Collective centres & spontaneous settlements: A last resort for displaced families in Yemen After more than 12 months since the escalation of hostilities, needs are higher than ever before

Life before displacement was already hard for the people of Yemen, with major underdevelopment, financial crisis, and poverty. The escalation of the conflict, over one year ago however has forced 2.75 million people to leave behind the one place where they found peace and calm: home.

The protracted conflict with airstrikes and clashes on the ground has displaced 2.75 million people, while food, fuel and medicine shortages impacts lives in devastating ways. Yemenis live in uncertain times and cannot live normal lives. They are incurring increasing debt, suffering from increased intra-family tensions and many live in cramped and difficult conditions. In some areas of Yemen, particularly where conflict has been ongoing and intensifying (such as Taizz, Al Jawf, or Marib), many families have faced multiple displacements, lost household items, assets, access to livelihoods and are having to seek alternative shelter solutions.

The most vulnerable IDPs are those people staying in collective centres and spontaneous settlements. They do not have the option of staying with host families/friends and often face extremely poor living conditions and lack of access to social services. Those staying in collective centres including schools are often exposed to a number of protection issues and are under a lot of pressure from the host community to move on.

Basic amenities, primary health care and other services and support are often lacking in collective centres. IDPs living in them often cite the challenges as feeling unsafe; lack of privacy; limited representation of their needs; limited freedom of movement and harassment from other IDPs or the host community.
Spontaneous settlements are often very basic forms of informal camps where families have been provided with emergency shelters or have constructed rudimentary self-built shelters which are not durable enough to withstand longer periods of displacement, multiple displacements, and climatic conditions.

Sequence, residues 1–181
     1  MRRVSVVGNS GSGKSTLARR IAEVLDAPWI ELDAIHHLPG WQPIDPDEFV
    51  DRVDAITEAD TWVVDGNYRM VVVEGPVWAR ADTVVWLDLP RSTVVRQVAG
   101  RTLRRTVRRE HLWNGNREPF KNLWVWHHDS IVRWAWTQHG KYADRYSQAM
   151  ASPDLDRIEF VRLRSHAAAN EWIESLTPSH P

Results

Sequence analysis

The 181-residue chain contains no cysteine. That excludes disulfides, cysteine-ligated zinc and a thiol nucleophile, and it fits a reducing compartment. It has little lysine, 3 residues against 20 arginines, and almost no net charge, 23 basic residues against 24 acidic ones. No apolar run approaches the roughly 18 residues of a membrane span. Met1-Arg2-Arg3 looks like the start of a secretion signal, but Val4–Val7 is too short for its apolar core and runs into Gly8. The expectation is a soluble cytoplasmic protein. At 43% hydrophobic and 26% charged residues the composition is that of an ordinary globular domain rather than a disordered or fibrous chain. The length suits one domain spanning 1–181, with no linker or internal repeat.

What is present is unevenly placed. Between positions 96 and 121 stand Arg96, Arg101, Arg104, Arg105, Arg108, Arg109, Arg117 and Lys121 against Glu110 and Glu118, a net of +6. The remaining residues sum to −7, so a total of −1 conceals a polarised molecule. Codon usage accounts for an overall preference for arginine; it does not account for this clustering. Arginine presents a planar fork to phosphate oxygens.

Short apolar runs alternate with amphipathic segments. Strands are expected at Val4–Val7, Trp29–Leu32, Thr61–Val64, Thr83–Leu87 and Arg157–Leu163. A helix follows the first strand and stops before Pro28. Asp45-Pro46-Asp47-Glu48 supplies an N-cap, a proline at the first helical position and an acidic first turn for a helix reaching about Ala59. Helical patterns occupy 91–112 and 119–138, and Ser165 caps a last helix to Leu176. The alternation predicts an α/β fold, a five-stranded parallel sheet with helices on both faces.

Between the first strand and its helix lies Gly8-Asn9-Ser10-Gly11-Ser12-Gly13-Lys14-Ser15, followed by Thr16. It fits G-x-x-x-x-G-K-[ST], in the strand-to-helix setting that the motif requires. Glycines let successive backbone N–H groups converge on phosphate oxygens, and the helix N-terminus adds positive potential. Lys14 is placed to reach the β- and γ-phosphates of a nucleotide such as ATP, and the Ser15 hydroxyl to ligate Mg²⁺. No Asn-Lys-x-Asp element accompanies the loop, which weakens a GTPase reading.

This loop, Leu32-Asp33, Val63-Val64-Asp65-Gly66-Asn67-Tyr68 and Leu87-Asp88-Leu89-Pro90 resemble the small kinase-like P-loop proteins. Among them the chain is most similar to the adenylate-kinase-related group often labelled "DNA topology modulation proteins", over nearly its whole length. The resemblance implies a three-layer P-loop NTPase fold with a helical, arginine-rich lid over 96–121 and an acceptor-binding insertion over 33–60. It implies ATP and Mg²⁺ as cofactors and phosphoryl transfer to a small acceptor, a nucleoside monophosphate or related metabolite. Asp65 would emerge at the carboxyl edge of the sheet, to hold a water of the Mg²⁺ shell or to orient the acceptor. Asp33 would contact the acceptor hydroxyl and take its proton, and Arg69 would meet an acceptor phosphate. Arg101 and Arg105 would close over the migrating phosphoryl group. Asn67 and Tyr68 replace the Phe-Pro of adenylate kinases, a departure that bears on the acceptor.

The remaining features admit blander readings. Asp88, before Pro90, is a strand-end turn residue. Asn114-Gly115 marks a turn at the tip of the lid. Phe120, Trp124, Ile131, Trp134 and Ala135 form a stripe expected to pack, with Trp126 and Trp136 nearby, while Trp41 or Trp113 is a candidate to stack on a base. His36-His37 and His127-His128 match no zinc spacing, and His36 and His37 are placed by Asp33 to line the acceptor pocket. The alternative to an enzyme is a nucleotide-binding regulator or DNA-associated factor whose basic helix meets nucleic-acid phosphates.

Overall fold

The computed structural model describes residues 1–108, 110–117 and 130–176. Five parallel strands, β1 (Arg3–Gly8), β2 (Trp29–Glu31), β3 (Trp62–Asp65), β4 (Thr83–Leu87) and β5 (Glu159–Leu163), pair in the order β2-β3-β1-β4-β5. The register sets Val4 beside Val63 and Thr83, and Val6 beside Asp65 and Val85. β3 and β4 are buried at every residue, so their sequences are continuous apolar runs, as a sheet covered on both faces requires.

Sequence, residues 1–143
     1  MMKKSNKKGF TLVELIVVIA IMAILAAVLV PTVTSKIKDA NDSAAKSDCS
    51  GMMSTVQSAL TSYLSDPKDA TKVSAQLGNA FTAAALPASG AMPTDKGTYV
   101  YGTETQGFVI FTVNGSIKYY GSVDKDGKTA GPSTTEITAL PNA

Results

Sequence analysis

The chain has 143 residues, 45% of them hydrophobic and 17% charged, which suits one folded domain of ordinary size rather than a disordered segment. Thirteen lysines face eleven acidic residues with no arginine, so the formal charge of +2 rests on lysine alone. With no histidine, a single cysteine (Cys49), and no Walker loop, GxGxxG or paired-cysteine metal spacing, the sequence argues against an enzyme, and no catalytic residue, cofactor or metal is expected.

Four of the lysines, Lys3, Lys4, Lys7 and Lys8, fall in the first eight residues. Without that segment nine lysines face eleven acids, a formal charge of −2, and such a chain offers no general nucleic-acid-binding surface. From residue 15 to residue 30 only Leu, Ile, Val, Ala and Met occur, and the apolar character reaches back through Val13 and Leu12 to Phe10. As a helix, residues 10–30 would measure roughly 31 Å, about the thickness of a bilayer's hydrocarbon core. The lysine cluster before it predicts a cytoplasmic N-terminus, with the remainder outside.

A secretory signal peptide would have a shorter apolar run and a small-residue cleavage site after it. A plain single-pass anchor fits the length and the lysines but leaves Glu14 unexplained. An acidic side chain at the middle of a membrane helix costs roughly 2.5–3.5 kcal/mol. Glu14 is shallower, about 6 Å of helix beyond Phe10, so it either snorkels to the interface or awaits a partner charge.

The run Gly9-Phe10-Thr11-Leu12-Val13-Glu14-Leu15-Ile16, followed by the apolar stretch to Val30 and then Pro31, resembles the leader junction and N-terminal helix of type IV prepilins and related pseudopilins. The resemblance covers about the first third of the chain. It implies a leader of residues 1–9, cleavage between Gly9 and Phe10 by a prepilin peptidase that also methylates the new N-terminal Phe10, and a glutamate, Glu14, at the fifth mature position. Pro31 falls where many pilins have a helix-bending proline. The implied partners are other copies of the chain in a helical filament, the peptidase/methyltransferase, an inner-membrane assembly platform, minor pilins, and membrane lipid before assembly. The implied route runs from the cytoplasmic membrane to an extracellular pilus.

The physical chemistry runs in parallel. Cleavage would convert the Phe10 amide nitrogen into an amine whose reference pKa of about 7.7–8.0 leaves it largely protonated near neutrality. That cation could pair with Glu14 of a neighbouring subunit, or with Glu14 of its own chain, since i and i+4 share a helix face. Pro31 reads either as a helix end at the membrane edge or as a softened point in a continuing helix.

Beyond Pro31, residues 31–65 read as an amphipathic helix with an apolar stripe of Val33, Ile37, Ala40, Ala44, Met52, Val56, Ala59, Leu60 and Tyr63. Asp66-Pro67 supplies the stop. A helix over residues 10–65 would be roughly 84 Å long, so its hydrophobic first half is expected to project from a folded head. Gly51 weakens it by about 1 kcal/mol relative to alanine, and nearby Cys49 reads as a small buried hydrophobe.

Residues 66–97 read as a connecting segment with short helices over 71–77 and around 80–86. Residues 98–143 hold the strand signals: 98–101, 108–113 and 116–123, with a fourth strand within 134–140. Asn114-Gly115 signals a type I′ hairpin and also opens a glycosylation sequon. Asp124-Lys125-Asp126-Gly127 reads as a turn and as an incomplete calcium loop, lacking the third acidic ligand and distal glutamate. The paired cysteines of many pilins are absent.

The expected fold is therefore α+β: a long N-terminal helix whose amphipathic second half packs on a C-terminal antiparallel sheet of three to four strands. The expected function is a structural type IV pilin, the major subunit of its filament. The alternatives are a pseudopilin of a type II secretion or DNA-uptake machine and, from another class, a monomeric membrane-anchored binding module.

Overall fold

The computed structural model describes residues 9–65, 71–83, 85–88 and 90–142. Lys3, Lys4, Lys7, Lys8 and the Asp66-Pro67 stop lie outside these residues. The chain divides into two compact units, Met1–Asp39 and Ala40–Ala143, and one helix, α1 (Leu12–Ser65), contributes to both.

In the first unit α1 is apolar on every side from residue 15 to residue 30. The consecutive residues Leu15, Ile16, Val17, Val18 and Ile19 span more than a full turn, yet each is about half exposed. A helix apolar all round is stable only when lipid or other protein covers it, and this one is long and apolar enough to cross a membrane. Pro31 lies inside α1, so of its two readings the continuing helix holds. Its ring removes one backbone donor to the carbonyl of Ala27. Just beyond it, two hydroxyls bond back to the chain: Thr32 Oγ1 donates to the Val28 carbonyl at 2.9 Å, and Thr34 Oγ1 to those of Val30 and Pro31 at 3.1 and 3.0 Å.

IDPs have limited access to clean water and appropriate sanitation; the location can present safety concerns and can cause land disputes. Displaced families have reported that they often face harassment from the local communities with whom they share already scarce resources, including often limited water supply.

The Shelter / CCCM Cluster has identified a range of responses to meet the specific needs of IDPs according to their type of shelter:

  1. Robust emergency shelters are required for spontaneous settlements along with non-food items such as blankets, mattresses and kitchen sets to replace what has been left behind.
  2. Collective centres require upgrades to provide suitable shelter along with installation of WASH facilities.
  3. To rehabilitate and expand accommodation and services in 100 collective centres, it is estimated that the cluster would require 5.6m USD.
  4. To provide more durable shelter and NFI kits to 7,000 households in 40 spontaneous settlements, it is estimated that the cluster would require 3.1m USD.

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